Now, the schematic above of the Shindengen gives the impression that it is a series regulator, but I found that schematic on the net and maybe it's not accurate. Also, you are correct that the Shindengen doesn't make much heat. I've heard here that the Yammie regulator uses a zener to regulate the voltage. The alternator system is rated @ 30A D.C. When the battery is fully charged, the bike (lights, ignition, etc.) draws about 11 amps D.C. going down the road. That means the shunt regulator normally disippates about 19 amps, and that would be a lot of heat if it is indeed shunted with a zener diode (It comes out to over 200 Watts, but I can't believe that is so). I wonder if the Shindengen clamps the voltage accross the stator leads at less voltage so that less heat is produced (P=IE, so a lower E would be less heat).

You say that you measured the stator current with the shunt.....Usually shunts are used to measure DC current, but I don't see an reason why you couldn't measure AC current with it also. Just measure the AC voltage accross the shunt and compute the AC current. However, .5 ohms of series resistance will lower the stator current a bit. I don't think that it really is .5 ohms though. R=E/I or .050/50, which equals .001 ohm (.050V=50mv.)

Try measuring the stator current again. Connect the shunt in series with one of the stator leads. Connect your digital meter across the shunt (at the smaller screws) and put the meter on the AC milivolt range. Start the bike, rev it to about 3,000 RPM and measure the AC stator current. The Yammie manual says the stator produces 26.2 amps minimum @ 3700 RPM. You will read 1 milivolt for each amp., so if you read 27mv. you have 27 amps flowing from your stator leads.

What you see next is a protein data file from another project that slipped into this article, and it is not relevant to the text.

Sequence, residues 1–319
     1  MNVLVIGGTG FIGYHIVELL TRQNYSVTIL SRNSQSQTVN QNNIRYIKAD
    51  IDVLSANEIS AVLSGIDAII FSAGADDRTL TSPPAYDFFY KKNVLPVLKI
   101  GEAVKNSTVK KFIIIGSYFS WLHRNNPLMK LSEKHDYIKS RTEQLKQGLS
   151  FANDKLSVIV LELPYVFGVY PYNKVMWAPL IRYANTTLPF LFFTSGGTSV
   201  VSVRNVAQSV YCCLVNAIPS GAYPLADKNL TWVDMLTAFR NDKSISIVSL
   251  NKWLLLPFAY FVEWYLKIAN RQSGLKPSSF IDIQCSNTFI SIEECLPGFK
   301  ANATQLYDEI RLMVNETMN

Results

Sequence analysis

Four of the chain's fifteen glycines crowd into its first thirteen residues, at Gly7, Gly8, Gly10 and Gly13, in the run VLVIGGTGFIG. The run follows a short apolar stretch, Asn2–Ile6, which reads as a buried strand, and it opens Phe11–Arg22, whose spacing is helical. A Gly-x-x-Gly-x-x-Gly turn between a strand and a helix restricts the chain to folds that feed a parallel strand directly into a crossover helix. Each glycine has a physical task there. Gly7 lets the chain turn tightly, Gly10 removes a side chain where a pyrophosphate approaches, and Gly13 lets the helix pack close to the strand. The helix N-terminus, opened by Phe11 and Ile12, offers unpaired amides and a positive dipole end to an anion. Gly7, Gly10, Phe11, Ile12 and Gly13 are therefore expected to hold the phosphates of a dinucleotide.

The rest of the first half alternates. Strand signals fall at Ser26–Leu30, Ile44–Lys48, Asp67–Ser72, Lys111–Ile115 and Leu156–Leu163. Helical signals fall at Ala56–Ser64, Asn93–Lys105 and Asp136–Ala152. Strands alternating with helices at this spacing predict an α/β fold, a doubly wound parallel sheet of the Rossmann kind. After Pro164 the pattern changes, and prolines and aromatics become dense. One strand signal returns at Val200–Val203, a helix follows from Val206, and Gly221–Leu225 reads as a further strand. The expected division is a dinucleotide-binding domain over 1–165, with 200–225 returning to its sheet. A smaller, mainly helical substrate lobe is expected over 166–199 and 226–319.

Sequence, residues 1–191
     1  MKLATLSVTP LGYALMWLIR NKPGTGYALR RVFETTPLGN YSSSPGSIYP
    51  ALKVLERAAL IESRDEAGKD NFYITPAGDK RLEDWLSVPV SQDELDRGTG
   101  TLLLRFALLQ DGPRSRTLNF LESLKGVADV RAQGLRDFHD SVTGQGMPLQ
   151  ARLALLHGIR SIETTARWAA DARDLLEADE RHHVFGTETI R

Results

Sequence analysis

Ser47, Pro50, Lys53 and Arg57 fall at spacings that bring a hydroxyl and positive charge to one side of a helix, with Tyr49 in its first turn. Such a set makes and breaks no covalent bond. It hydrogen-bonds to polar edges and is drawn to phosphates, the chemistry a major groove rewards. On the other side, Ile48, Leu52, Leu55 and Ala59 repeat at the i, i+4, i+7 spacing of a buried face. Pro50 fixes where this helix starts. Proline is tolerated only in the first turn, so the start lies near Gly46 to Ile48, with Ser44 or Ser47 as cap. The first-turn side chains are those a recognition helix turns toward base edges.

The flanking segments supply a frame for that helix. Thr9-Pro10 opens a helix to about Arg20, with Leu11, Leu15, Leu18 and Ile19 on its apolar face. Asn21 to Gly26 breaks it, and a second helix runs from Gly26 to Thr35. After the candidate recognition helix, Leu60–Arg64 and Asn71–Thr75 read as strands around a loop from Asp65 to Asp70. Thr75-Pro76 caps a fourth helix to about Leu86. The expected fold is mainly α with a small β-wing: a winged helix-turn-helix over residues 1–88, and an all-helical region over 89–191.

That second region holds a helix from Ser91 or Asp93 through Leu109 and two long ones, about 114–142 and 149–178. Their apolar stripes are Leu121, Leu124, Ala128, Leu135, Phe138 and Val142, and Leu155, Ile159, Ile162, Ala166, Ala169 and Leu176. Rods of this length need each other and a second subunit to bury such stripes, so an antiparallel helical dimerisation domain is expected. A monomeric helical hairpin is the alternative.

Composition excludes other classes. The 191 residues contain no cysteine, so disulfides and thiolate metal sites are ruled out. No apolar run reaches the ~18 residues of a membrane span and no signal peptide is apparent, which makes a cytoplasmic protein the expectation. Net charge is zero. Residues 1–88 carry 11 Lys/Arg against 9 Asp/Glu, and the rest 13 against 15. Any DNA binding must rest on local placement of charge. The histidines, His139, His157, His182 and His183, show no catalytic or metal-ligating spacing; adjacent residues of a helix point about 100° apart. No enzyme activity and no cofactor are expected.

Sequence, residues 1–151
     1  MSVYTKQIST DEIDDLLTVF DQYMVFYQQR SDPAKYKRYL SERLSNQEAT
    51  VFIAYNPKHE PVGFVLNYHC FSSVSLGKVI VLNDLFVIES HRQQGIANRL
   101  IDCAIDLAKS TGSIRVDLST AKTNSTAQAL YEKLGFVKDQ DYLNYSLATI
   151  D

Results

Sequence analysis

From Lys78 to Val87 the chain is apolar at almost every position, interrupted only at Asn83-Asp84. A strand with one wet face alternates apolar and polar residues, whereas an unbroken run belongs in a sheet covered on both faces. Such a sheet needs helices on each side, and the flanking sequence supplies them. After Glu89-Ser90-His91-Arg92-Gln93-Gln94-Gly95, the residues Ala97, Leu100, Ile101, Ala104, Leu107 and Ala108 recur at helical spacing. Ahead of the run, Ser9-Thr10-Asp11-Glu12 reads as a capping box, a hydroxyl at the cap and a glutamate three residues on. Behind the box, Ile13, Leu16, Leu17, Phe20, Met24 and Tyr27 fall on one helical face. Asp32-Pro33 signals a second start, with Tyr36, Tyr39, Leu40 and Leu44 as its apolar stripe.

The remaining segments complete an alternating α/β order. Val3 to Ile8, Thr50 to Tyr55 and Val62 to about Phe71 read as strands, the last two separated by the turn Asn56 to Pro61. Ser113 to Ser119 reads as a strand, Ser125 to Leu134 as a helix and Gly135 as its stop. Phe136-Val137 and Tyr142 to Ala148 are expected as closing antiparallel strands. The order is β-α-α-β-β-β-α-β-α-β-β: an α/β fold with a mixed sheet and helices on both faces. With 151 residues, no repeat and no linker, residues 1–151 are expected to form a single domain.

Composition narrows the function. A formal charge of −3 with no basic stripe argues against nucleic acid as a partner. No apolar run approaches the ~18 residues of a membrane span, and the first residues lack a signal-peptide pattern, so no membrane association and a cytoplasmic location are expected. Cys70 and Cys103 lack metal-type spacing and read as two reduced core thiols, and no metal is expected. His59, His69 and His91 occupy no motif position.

Frank D.
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Old 06-10-2012, 11:52 AM
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Default FH0012AA Rectifier/Regulator Question

I replaced my OEM regulator with a FH0012AA unit from a Yamaha R1. I bought he FH0012AA used off of ebay. When I first installed it and when I start the bike in the morning the voltage at the battery is 14.3 volts. I was psyched thinking I cured the charging problems I was having. However, I decided to check the voltage when I got home after riding the bike for a while and the voltage moves around from high 12's to mid 13. My question is: DO these regulators put our a constant charging voltage or do they cycle based on how much charge is in the battery? I expected the voltage to stay fairly constant around 14.25 or so. If it's supposed to be constant then I've got a problem, however if the regulator output can vary depending on the state of charge of the battery, then maybe I'm worrying over nothing.

Fyi, I installed the FH0012AA with a wiring harness made for it that goes directly to the battery.

Any thoughts about this would be greatly appreciated!
Thanks!
Al
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Old 06-10-2012, 12:09 PM
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Quote:
Originally Posted by almon777 View Post